Sent: Friday, June 01, 2012 9:10 AM
To: PROJECT@LISTSERV.EDUCAUSE.EDU
Subject: Re: [PROJECT] Staff time tracking

 

Here a CWRU we have tracked time in the applications area off and on over the years.  We are implementing a new portfolio and project system (3rd time is a charm!) and want to track time for the entire division.  The push back we are getting from the operations side of the house is about the benefits and the purpose.  I would like to add to the agenda for the monthly, what people are doing with the data and how it benefits them.  Are decisions being made from the data?   Getting this info from other higher ed organizations will go a long way in our neighborhood!

 

Thanks,

 

Colleen Nagy

We are using Oracle Primavera as a Project Portfolio and PM tool.  We also use the Progress Reporter to track time.  I attached a screen shot of mine just for example sake.  We have definitely seen “cultural” challenges with time tracking.  We have been using this over the last 2+ years and recent reports continue to indicate we average 80% + of time in operations.  We have been exploring the idea of consolidating the operational and overhead to save some headache since we have the historical data that indicates the operational percentage pretty well.

 

Thanks

 

Chris Steele
Technical Services Analyst, Information Technology

Angelo State University

Member, Texas Tech University System

ASU Station #11020

San Angelo, TX 76909-1021

Phone: (325) 486-6204  

csteele@angelo.edu

 

 

 

 

From: The EDUCAUSE Project Management Constituent Group [mailto:PROJECT@LISTSERV.EDUCAUSE.EDU] On Behalf Of Paula Russell
Sent: Thursday, May 31, 2012 5:30 PM
To: PROJECT@LISTSERV.EDUCAUSE.EDU
Subject: Re: [PROJECT] Staff time tracking

 

Hi Mike,

 

Here at Binghamton University we use @Task to track staff time as well as some aspects of project management. It's a robust tool and provides a great deal of flexibility in how time is tracked. 

 

Staff can track to the project/task/issue level and we also track administrative overhead including sick, vacation and holiday.  That said I suggest starting with a fairly simple approach until you can determine the long term application of the data collected.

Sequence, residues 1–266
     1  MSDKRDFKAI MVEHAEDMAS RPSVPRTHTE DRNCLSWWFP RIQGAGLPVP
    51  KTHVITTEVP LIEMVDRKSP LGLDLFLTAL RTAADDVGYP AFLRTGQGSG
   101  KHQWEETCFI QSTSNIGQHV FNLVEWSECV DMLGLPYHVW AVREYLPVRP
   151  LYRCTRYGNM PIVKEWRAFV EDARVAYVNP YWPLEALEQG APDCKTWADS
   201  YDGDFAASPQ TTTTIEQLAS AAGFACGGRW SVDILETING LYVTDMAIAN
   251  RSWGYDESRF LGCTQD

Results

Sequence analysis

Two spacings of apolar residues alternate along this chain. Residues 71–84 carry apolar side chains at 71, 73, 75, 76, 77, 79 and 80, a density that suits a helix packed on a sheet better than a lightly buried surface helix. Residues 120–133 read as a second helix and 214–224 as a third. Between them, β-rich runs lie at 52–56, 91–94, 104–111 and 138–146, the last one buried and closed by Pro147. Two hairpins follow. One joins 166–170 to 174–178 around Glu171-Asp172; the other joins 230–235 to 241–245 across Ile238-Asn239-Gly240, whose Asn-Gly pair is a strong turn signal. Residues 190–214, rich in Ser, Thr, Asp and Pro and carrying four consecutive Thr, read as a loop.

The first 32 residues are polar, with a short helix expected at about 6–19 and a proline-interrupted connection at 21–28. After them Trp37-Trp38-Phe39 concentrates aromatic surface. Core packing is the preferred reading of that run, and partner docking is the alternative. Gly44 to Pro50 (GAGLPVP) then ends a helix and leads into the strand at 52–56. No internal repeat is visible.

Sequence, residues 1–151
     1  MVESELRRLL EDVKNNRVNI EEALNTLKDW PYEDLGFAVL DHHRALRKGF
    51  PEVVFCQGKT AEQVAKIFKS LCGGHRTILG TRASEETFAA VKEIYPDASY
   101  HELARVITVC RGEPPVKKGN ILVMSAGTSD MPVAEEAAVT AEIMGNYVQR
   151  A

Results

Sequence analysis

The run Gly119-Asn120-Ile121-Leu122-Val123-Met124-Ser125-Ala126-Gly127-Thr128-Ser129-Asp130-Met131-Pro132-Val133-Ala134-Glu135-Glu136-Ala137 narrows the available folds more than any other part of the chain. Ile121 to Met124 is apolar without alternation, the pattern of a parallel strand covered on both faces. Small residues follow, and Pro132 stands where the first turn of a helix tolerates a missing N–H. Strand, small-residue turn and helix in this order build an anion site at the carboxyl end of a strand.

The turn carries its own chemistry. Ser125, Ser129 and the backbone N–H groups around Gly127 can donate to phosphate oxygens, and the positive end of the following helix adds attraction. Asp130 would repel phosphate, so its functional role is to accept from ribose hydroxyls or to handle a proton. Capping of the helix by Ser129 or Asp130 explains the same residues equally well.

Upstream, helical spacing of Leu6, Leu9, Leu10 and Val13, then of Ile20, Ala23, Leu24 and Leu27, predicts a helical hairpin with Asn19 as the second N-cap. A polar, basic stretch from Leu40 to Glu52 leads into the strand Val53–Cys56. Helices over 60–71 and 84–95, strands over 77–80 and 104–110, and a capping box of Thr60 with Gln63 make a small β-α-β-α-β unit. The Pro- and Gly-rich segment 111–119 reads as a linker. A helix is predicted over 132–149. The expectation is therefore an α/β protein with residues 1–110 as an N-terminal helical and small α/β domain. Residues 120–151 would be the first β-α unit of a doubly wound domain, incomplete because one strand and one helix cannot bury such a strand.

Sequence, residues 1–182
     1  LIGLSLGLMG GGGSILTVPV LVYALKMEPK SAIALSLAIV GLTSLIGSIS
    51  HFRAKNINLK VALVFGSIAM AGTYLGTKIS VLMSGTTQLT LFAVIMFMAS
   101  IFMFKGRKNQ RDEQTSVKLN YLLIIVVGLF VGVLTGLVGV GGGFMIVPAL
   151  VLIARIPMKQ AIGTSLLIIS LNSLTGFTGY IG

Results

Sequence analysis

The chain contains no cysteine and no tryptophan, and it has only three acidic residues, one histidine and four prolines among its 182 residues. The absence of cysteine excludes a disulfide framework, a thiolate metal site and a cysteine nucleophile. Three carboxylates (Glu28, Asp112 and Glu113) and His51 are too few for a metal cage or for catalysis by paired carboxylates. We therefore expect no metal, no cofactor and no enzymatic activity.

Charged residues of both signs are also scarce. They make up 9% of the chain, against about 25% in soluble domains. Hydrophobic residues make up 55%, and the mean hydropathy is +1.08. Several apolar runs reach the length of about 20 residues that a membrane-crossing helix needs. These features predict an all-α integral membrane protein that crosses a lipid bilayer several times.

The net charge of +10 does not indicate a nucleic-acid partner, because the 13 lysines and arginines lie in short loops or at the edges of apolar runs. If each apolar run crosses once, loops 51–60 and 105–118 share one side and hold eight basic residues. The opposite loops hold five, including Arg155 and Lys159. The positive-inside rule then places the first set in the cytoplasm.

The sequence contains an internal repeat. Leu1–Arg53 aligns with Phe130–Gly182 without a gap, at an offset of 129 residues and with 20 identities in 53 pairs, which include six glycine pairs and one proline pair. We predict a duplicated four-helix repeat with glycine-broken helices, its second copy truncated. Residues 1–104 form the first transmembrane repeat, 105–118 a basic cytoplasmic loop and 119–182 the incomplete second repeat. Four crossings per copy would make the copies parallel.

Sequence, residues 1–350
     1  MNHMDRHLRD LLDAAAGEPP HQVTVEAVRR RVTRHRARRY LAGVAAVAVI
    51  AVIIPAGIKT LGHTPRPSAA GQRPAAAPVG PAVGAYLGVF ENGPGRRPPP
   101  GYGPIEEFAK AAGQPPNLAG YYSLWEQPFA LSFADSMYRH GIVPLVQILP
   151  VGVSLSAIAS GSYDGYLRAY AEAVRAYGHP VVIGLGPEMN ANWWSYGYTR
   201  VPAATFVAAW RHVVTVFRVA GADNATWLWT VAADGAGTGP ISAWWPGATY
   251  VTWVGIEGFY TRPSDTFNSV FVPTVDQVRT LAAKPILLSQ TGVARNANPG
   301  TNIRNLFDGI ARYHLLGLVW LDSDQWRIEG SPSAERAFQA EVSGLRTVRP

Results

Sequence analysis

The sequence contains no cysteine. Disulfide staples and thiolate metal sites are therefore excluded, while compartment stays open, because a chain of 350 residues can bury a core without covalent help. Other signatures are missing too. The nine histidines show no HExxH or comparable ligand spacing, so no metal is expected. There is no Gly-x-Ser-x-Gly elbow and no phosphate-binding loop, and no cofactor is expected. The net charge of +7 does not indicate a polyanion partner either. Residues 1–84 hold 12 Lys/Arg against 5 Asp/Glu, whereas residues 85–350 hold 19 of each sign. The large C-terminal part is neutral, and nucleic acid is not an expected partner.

I'd be happy to provide more information. Best of luck with this effort. 

Paula Russell

PMO, Binghamton University 

607-777-6364


Everyone,
Looks like we have a topic!
We are supposed to have a speaker for our June 19th meeting - please reply to me directly if you are interested in this topic if the Wednesday July 18th date will work for you.

Happy Friday,
Sherri

We are using Project Server 2010 here at St Joe's and would love to get more info on resource time tracking.
 
Thank you
 

 
I am also interested. Sent from my iPhone On Jun 1, 2012, at 4:05 PM, "Sherri Yerk-Zwickl" > wrote: Everyone, Looks like we have a topic! We are supposed to have a speaker for our June 19th meeting - please reply to me directly if you are interested in this topic if the Wednesday July 18th date will work for you. Happy Friday, Sherri
Thanks for arranging Sherri, I am available to attend on July 18th. 

Paula 

On Jun 1, 2012, at 4:05 PM, Sherri Yerk-Zwickl <shy2@LEHIGH.EDU> wrote:

Everyone,
Looks like we have a topic!
We are supposed to have a speaker for our June 19th meeting - please reply to me directly if you are interested in this topic if the Wednesday July 18th date will work for you.

Happy Friday,
Sherri

Message from jh389@cornell.edu

Sherri –

 

Since we are currently implementing I would love to hear this topic and 7/18 works for me!  Thanks so much.

 

Jill

 

From: The EDUCAUSE Project Management Constituent Group [mailto:PROJECT@LISTSERV.EDUCAUSE.EDU] On Behalf Of Sherri Yerk-Zwickl
Sent: Friday, June 01, 2012 4:06 PM
To: PROJECT@LISTSERV.EDUCAUSE.EDU
Subject: Re: [PROJECT] Staff time tracking

 

Everyone,
Looks like we have a topic!
We are supposed to have a speaker for our June 19th meeting - please reply to me directly if you are interested in this topic if the Wednesday July 18th date will work for you.

Happy Friday,
Sherri